Every investor in Axcella Health Inc. (NASDAQ:AXLA) should be aware of the most powerful shareholder groups. Large companies usually have institutions as shareholders, and we usually see insiders owning shares in smaller companies. Warren Buffett said that he likes ‘a business with enduring competitive advantages that is run by able and owner-oriented people’. So it’s nice to see some insider ownership, because it may suggest that management is owner-oriented.
Axcella Health is a smaller company with a market capitalization of US$115m, so it may still be flying under the radar of many institutional investors. Our analysis of the ownership of the company, below, shows that institutions are noticeable on the share registry. Let’s take a closer look to see what the different types of shareholder can tell us about Axcella Health.
What Does The Institutional Ownership Tell Us About Axcella Health?
Many institutions measure their performance against an index that approximates the local market. So they usually pay more attention to companies that are included in major indices.
As you can see, institutional investors own 19% of Axcella Health. This implies the analysts working for those institutions have looked at the stock and they like it. But just like anyone else, they could be wrong. It is not uncommon to see a big share price drop if two large institutional investors try to sell out of a stock at the same time. So it is worth checking the past earnings trajectory of Axcella Health, (below). Of course, keep in mind that there are other factors to consider, too.
Hedge funds don’t have many shares in Axcella Health. Flagship Pioneering is currently the company’s largest shareholder with 38% of shares outstanding. The second and third largest shareholders are FMR LLC and Nestlé S.A., holding 15% and 8.7%, respectively.
Our analysis suggests that the top 2 shareholders collectively control 53% of the company’s shares, implying that they have considerable power to influence the company’s decisions.
While it makes sense to study institutional ownership data for a company, it also makes sense to study analyst sentiments to know which way the wind is blowing. There is a little analyst coverage of the stock, but not much. So there is room for it to gain more coverage.
Insider Ownership Of Axcella Health
While the precise definition of an insider can be subjective, almost everyone considers board members to be insiders. Company management run the business, but the CEO will answer to the board, even if he or she is a member of it.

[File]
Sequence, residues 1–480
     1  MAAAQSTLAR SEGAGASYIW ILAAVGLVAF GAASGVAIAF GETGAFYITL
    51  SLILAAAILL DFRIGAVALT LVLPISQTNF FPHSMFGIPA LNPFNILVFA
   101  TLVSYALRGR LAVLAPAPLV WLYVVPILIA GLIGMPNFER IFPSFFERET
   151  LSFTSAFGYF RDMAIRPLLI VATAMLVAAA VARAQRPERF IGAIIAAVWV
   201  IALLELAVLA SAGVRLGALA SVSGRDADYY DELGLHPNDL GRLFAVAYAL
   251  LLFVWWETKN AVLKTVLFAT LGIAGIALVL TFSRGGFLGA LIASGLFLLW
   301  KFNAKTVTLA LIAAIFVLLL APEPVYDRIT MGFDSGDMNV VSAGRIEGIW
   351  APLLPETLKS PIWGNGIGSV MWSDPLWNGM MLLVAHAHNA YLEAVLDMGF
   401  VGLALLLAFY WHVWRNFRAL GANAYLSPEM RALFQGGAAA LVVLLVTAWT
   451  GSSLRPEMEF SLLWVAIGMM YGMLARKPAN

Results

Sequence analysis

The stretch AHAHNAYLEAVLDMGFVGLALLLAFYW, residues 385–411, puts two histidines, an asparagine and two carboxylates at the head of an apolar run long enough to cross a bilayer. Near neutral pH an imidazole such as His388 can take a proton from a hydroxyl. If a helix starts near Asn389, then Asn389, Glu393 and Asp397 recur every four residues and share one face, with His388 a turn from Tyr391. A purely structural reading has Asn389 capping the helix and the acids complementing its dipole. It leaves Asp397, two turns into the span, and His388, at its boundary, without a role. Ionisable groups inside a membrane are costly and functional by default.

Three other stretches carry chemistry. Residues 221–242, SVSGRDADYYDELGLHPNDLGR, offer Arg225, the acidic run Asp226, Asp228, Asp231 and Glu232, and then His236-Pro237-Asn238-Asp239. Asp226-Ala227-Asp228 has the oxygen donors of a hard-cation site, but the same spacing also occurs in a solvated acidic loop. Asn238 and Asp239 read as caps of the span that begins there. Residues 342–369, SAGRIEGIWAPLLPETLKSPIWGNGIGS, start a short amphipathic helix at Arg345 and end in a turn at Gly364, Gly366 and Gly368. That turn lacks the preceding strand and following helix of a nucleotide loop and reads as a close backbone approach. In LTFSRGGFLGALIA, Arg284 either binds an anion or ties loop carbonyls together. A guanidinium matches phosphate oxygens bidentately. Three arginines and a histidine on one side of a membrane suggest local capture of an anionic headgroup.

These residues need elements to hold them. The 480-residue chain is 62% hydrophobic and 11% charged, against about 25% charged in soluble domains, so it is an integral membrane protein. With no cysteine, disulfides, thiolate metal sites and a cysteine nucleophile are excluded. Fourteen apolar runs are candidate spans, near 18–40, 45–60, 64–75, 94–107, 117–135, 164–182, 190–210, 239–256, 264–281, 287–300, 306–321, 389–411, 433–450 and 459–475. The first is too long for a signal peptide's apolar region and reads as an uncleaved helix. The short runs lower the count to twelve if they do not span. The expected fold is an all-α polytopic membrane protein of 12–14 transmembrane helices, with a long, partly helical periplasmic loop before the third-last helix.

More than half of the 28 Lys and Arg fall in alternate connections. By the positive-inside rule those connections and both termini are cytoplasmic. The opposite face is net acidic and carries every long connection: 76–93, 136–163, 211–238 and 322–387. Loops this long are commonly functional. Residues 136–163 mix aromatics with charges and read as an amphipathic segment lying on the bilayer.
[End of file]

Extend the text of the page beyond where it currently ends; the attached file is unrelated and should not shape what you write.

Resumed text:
Most consider insider ownership a positive because it can indicate the board is well aligned with other shareholders. However, on some occasions too much power is concentrated within this group.
Our most recent data indicates that insiders own some shares in Axcella Health Inc.. It has a market capitalization of just US$115m, and insiders have US$11m worth of shares, in their own names. When analysing a company, looking at ownership may seem a logical place to start. But ultimately, many risks exist within the business itself, rather than its shareholders. For example, we’ve discovered 3 warning signs for Axcella Health (of which 1 is major) which any shareholder or potential investor should be aware of.
General Public Ownership
With a 14% ownership, the general public have some degree of sway over AXLA. While this group can’t necessarily call the shots, it can certainly have a real influence on how the company is run.
Private Equity Ownership
With an ownership of 49%, private equity firms are in a position to play a role in shaping corporate strategy with a focus on value creation. Some investors might be encouraged by this, since private equity are sometimes able to encourage strategies that help the market see the value in the company. Alternatively, those holders might be exiting the investment after taking it public.
Public Company Ownership
It appears to us that public companies own 8.7% of AXLA. It’s hard to say for sure, but this suggests they have entwined business interests. This might be a strategic stake, so it’s worth watching this space for changes in ownership.
I find it very interesting to look at who exactly owns a company. But to truly gain insight, we need to consider other information, too.
I like to dive deeper into how a company has performed in the past. You can find historic revenue and earnings in this detailed graph.
If you would prefer discover what analysts are predicting in terms of future growth, do not miss this free report on analyst forecasts.
NB: Figures in this article are calculated using data from the last twelve months, which refer to the 12-month period ending on the last date of the month the financial statement is dated. This may not be consistent with full year annual report figures.
If you spot an error that warrants correction, please contact the editor at firstname.lastname@example.org. This article by Simply Wall St is general in nature. It does not constitute a recommendation to buy or sell any stock, and does not take account of your objectives, or your financial situation. Simply Wall St has no position in the stocks mentioned.
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